With a mintage of 89,775,000 it is less common that the definitive design but not the rarest out there!

It is still incredibly sought-after by collectors though as this was the FIRST-EVER commemorative 50p!

1982 Britannia Fifty Pence

Fact File:

  • Year of Issue: 1982/83/85
  • Obverse Designer: Arnold Machin (1982/82) Raphael Maklouf (1985)
  • Reverse Designer: Christopher Ironside
  • Mintage: 114,819,007
1982 Britannia Fifty Pence

In 1982 the ‘New Pence’ in the design was replaced with Fifty Pence as the design was no longer considered new.

Although still the definitive design, this coin was only issued in 1982, 1983 and 1985 and featured two different portraits of Her Majesty on the obverse! Machin in ’82 and ’83 and the new Maklouf portrait in ’85.

With a mintage of 114,819,007, it’s the second most-common of the Pre-1997 50ps.

1992/93 EC Presidency 50p

Fact File:

  • Year of Issue: 1992/93
  • Obverse Designer: Raphael Maklouf
  • Reverse Designer: Mary Milner
  • Mintage: 109,000

Designed by Mary Milner, this 50p celebrates the UK’s presidency of the European Council of Ministers.

Excitingly, this 50p is the RAREST ever UK 50p to enter circulation. With a mintage of just 109,000 it’s even rarer than the sought-after Kew Gardens 50p which has a mintage of 210,000.

As this coin is no longer in circulation AND has the lowest ever UK 50p circulating mintage, it’s incredibly sought-after by collectors and if you’re lucky enough to have one in your collection, you should be extremely pleased!

1994 D-Day Landings 50p

Fact File:

  • Year of Issue: 1994
  • Obverse Designer: Raphael Maklouf
  • Reverse Designer: John Mills
  • Mintage: 6,705,520
1994 D-Day 50p

Issued to commemorate the 50th anniversary of the D-Day Landings, this was the final 50p issued in the older specifications.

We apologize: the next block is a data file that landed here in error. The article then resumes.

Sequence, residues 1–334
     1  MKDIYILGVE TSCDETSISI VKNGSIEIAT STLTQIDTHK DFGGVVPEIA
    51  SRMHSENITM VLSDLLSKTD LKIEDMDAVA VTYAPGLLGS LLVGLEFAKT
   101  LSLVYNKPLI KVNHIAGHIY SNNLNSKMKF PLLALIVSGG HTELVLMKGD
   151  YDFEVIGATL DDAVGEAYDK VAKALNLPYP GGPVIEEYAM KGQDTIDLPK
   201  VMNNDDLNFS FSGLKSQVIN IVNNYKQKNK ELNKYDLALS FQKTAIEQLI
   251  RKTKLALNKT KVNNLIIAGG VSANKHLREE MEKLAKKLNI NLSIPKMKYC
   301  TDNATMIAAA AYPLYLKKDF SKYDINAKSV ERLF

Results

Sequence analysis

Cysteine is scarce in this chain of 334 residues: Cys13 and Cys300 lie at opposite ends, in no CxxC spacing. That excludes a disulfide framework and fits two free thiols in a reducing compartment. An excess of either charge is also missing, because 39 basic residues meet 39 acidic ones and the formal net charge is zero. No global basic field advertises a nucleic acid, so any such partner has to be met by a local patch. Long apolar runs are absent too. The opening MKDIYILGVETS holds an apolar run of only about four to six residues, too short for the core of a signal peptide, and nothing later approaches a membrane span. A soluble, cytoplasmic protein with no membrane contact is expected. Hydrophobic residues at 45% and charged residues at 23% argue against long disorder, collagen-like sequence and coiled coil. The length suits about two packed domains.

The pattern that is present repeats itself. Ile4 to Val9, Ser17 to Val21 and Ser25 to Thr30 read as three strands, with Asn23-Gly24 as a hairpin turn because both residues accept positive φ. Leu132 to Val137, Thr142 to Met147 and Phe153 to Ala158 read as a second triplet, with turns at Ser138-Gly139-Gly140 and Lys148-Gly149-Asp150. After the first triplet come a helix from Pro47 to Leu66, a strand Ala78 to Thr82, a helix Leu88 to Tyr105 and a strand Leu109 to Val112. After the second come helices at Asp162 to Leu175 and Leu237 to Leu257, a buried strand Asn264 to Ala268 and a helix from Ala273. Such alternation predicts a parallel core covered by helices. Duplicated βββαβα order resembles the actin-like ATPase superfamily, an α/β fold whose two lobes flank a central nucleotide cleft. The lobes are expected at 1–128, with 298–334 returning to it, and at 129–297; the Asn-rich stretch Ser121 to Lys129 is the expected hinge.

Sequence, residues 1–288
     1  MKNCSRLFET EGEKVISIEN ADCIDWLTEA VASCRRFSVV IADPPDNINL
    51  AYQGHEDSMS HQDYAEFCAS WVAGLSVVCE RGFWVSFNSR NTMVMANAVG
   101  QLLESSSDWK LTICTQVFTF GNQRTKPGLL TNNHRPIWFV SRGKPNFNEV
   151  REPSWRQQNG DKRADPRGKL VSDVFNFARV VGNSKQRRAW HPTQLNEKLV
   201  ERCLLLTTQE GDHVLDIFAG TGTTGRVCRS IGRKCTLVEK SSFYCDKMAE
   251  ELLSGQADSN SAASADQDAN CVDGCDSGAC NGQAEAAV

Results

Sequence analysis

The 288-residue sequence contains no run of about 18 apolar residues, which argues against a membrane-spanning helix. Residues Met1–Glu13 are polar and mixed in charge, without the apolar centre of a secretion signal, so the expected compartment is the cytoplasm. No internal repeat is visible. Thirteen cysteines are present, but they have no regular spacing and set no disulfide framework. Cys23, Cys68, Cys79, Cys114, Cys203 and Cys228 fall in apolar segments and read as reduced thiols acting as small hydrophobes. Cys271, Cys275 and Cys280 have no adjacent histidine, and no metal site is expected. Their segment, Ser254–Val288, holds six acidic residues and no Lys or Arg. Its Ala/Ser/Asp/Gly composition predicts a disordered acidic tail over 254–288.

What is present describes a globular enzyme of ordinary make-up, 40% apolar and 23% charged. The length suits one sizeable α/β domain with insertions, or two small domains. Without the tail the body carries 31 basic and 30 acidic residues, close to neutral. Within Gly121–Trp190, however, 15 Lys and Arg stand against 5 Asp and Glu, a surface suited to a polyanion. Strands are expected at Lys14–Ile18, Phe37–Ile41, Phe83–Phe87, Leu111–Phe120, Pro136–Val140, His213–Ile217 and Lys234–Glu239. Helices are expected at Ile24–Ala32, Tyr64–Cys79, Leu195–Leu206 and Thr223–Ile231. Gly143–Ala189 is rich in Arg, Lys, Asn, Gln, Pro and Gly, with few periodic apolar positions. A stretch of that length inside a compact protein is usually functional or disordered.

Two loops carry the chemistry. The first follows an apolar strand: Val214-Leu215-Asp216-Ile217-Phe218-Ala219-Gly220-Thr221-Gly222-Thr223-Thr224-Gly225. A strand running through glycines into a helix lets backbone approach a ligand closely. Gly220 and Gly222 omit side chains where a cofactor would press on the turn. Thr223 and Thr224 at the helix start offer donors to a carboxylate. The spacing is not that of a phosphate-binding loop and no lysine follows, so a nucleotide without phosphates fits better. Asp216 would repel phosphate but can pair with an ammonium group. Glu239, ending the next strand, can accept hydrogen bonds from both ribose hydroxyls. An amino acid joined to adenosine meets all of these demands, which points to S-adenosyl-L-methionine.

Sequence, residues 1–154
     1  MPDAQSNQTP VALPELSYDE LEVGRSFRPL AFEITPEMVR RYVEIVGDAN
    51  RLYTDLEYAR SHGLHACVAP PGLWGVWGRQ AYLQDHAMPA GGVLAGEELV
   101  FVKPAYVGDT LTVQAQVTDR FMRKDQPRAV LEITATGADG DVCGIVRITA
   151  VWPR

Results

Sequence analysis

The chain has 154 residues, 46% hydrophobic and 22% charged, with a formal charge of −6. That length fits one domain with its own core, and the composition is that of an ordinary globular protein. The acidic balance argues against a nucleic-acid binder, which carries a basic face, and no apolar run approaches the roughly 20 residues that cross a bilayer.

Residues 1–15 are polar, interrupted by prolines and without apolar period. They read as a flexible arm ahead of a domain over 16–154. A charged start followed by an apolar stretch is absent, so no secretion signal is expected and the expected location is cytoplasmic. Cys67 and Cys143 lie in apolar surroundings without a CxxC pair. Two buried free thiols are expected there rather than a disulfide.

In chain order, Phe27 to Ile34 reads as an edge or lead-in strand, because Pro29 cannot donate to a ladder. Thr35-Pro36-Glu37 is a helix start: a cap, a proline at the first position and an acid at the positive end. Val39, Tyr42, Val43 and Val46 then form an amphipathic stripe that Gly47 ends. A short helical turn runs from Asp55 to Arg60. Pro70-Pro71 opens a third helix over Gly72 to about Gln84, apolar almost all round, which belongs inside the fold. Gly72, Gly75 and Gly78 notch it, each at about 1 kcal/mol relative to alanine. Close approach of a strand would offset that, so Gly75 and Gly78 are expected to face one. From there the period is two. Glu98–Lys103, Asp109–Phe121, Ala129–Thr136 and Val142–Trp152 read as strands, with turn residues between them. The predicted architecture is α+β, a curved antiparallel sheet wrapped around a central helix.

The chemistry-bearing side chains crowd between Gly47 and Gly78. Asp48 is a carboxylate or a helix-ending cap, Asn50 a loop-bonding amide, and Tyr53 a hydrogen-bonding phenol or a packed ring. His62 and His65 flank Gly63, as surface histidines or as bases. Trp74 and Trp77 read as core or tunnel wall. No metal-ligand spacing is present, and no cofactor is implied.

Interestingly, this has been voted Change Checkers ‘Favourite Ever’ 50p!

With a mintage of 6,705,520 it is the second rarest of the pre-1997 50p coins.


So hopefully our guide to the Pre-1997 50p coins will help you along the way to expanding your collection!

What’s most exciting about all five of these coins is that now they’re out of circulation, they are all considered particularly sought-after by collectors!

Do you have any of these coins in your collection already? Let us know in the comments below!


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On this day, 265 years ago, Samuel Johnson’s English Dictionary was officially published.

The dictionary is considered to be one of the most influential pieces of scholarship in the history of the English Language.

So influential in fact, it was used by famous authors such as Charles Dickens, Thomas Hardy and Oscar Wilde. The dictionary took eight years to compile and listed 40,000 words – quite the achievement!

In 2005, The Royal Mint honoured Johnson’s gruelling work with the Dictionary’ 50p, issued to mark the 250th anniversary of its publication.

To celebrate 15 years since the release of this coin, we thought we would take the opportunity to explore the UK coins celebrating great British authors who have used Johnson’s dictionary.